Yes I understand the suggestion, in fact it is the reason I started writing my simulator back in the 1970s, about the same time the others got started. It's not user-friendly or on the market, but just so I understand things - and one way I use it is to go up against as many dyno tests, old road tests, and timeslips as I can. I do use it to make predictions if I can, just to help the hobby. :)

    But, the problem with backing out SAE Gross hp as you suggest, from old road tests, is, just too many variables.
    One problem is, scatter. I have 11 old road tests of the 425-8v. All the trap speeds are either 86-87, but four of them are 88-89-92-95. All in Rivs or Wildcats plus passenger, some weight scatter but not that much. So using the old "1mph=10hp" rule (approx I know) that implies a 90hp scatter in the same engine, slowest to fastest. I know that even out of the factory, you might get +/- 5hp from the build, and maybe +/- 10hp more from the tune. That explains some of it, but also makes it harder to say, "what SAE Gross hp would a typical (mean) factory 425-8v put out".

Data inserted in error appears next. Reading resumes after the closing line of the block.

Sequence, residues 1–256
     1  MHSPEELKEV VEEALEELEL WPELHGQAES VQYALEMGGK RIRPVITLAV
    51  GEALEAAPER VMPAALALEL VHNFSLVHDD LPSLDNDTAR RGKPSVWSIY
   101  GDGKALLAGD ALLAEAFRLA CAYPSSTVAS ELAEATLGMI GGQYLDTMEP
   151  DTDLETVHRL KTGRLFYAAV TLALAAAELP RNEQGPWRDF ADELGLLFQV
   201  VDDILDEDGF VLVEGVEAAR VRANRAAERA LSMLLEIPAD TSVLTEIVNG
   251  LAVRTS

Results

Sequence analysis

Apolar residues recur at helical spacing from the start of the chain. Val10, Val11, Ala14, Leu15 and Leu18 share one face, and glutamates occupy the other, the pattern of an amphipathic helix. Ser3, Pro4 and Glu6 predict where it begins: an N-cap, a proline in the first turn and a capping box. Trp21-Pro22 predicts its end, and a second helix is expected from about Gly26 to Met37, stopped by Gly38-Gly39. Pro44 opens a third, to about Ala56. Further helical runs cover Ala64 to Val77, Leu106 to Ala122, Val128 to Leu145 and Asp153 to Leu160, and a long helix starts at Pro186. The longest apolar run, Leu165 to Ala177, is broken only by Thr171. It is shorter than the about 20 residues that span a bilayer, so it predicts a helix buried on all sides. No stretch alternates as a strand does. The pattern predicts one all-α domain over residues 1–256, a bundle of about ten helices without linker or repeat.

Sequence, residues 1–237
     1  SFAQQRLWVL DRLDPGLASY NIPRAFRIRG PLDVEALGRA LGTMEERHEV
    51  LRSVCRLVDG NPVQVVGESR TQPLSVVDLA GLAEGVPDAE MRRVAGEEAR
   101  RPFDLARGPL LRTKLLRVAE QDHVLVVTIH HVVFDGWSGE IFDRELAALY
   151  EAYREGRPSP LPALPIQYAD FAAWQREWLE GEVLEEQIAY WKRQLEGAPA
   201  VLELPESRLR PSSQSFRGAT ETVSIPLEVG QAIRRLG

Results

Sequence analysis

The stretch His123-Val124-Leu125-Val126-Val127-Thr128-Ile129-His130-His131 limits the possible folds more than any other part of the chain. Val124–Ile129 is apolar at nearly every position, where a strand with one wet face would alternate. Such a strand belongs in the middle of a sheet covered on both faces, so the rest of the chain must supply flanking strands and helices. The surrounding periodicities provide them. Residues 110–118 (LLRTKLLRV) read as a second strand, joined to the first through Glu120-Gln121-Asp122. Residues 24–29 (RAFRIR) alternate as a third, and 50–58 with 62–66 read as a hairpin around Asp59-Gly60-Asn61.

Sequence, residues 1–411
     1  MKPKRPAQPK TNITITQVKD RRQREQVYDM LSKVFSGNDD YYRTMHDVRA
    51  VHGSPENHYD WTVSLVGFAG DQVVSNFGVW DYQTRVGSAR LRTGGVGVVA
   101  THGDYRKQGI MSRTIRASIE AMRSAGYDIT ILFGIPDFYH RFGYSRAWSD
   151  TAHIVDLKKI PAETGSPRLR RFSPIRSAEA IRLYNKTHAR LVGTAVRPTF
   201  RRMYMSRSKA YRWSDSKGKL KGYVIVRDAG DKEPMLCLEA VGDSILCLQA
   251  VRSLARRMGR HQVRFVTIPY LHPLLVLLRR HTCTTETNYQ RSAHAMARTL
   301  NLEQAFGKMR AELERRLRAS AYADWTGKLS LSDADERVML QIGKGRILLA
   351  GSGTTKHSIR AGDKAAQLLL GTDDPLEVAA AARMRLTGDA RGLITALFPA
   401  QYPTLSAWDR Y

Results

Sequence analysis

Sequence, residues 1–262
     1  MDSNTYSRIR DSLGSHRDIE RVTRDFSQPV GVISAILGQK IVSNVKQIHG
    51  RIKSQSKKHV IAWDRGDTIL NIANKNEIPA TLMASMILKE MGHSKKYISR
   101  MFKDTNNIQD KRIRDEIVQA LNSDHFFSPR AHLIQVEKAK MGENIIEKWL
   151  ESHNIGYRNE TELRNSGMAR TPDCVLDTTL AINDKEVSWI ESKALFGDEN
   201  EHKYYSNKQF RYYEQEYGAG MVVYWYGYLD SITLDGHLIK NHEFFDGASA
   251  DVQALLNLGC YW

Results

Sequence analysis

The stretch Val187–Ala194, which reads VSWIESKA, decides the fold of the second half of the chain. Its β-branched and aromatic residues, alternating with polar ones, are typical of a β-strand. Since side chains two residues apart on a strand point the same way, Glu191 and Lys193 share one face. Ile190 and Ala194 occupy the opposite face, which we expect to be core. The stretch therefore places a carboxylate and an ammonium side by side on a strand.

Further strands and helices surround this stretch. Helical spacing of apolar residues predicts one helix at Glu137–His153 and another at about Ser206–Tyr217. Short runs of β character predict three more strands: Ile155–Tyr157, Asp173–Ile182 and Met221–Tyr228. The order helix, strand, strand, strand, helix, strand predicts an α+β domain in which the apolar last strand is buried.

The other thing is that, any simulator that can tell you horsepower from et/mph is really only telling you the AVERAGE REAR WHEEL horsepower down the track. It is then making assumptions to get from average to peak rear-wheel, then more assumptions from rear-wheel to net horsepower, then even more assumptions from net to gross horsepower. And that's if you know the weather and wind and direction! I know what most of the factors are, but there is so much scatter in guessing them - especially for old road tests - that an accurate estimate of SAE gross peak HP from trap speed is hard to get. You could say, "well it's 330hp +/- 40 for sure and 440ftlb +/- 40 for sure" but we kinda already know that much, I think.